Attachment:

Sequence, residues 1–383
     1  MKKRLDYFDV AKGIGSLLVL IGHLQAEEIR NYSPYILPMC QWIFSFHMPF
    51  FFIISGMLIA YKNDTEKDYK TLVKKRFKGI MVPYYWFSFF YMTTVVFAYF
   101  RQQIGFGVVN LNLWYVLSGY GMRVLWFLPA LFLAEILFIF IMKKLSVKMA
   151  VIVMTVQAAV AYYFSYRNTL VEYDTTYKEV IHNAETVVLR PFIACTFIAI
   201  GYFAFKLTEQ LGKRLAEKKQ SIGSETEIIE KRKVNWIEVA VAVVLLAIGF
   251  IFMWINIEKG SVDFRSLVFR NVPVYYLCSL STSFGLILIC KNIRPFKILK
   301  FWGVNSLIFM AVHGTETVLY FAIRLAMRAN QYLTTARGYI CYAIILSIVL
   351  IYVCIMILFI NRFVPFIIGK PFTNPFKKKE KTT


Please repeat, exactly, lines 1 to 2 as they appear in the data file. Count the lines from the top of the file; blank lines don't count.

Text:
Sequence, residues 1–383
     1  MKKRLDYFDV AKGIGSLLVL IGHLQAEEIR NYSPYILPMC QWIFSFHMPF